7 thoughts on “What do I actually do…?

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  2. Anthony D. Green, MCPD:EAD

    You have sealed you own DOOM for now I’ll never stop bugging you.

    The features in VB9 are looking pretty awesome. I’m really excited about how easy it is becoming to express yourself with type-inference and the Object-Initializer syntax. Does this apply to methods too or just property assignments? Can we use it for collections in addition to arrays?

    So here’s the issue I see (something to thing about for vNext). The more we can express in one line the longer that line becomes. VB has a fairly kludgey line continuation syntax and I think as the language become more and more expressive it’s something you’re going to have to deal with.

    I’m NOT SUGGESTING SEMICOLONS or mandatory line termination characters as currently there are as many cases when I don’t need to break a line (if not more) than when I do. However I can’t help admiring the T-SQL parsers in the regard. Very rarely do I need to terminate a T-SQL statement with a `;’ no matter how many lines I stretch it across or what follows it. Looking at VB I see no reason why we should need either mandatory line continuation or termination. The compiler can currently tell when a physical line is not a complete logical line so it could be extended to look for logical lines independent of physical ones. Looking at my code there are obvious tell-tale markers for this.

    `(` marks the beginning of a method call. Until the -matching- `)’ is encountered the line cannot logically end. Notice that though the outer method call will be line terminated the compiler places no restrictions on the inlined function calls that make up its parameters. Same way with `<‘ and `>’ on attributes. Binary operators such as `&’, OrElse, =, etc imply a second operand as does `,’ imply another element of an array initialization or another parameter of a method call (as the compiler will tell you currently). Which if not found on the current physical line might be searched for at the next physical line (or valid token, really). A Function declaration has certain parts it must have and until hitting that `As Type’ or `)’ in the case of Subs that logical line isn’t over.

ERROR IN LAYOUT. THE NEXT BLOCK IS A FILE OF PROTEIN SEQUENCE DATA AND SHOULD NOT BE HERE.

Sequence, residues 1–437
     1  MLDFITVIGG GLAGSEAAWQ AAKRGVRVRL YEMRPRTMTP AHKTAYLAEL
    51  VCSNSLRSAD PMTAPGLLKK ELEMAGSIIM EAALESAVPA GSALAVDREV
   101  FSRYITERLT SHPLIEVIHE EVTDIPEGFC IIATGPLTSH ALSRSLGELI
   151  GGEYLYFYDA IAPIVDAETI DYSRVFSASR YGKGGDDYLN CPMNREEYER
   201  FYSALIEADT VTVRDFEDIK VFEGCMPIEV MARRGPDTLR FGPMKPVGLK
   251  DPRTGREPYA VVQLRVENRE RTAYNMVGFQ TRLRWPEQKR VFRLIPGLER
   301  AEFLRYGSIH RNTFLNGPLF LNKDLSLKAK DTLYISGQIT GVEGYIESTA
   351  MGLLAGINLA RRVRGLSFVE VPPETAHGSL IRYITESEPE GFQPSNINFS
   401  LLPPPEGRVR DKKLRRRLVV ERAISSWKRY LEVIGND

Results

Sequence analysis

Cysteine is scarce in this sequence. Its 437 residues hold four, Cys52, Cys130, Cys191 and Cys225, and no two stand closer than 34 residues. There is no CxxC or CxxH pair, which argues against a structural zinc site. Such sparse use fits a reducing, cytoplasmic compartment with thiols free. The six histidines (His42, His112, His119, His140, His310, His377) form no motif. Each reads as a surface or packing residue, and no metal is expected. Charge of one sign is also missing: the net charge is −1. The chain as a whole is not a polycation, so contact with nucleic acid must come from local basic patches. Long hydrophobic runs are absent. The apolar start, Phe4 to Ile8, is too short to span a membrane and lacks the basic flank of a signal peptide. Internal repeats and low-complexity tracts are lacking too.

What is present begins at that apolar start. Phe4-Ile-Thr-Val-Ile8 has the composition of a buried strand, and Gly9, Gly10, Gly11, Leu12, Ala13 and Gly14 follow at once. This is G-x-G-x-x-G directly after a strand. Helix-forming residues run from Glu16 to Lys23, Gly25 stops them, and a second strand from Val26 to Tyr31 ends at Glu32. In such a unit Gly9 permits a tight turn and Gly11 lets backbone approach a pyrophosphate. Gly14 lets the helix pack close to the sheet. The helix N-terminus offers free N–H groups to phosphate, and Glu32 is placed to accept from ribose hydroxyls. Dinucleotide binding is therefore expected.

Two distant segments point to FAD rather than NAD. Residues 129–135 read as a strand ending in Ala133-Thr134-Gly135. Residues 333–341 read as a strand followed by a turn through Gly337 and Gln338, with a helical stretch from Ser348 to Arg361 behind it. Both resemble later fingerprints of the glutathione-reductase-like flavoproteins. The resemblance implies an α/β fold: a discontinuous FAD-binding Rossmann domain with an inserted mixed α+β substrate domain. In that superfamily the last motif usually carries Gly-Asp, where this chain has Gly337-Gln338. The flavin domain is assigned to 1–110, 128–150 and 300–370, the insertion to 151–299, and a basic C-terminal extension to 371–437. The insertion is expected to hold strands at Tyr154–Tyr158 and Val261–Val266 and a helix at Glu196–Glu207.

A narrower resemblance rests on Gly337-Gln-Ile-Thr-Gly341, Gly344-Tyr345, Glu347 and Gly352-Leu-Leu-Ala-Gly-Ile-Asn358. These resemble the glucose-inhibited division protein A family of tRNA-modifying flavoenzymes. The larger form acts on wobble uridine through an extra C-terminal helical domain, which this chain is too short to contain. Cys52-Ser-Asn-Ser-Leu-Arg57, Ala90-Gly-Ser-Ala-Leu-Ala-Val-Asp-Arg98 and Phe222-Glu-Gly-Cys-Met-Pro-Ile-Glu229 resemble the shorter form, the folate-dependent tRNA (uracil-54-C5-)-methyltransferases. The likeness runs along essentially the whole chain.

Now the problem enters with the rules of where these markers have to be – must the binary operator be on the line being continued or can we look for it also on the following line if the current line ends abruptly? And dealing with rare ambiguities (I haven’t thought of any yet) where the following line could be validly compiled as a continuation of the current as well as the start of another (obviously a `Dim’ on the next line suggest that it’s not a continuation). And performance of this more flexible parsing.

    In short, line continuation and termination characters are more often than not superfluous and for VB to remain (or become depending on your point of view) an elegant and expressive language you need to seriously look at how you can better support your end users’ expressiveness.

    -Anthony

    P.S. This array declaration by bounds thing is pointless if you can’t change the bounds and every coder I run into tries to do it by capacity and it’s really messing up their code.

    Reply
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  4. paulvick

    Craig: I don’t think any of them actually have blogs or an Internet "presence," so I don’t know if I can really "out" them, but I’ll point them out if they surface… 🙂

    Anthony: The line continuation question is something that we definitely are thinking about. Nothing to mention yet, but it’s certainly the case that there are a lot of situations where they could be no longer required…

    Reply
  5. Anthony D. Green, MCPD

    I noticed you all took care of it for Xml literals, for which I’m very grateful – great job on that!

    Reply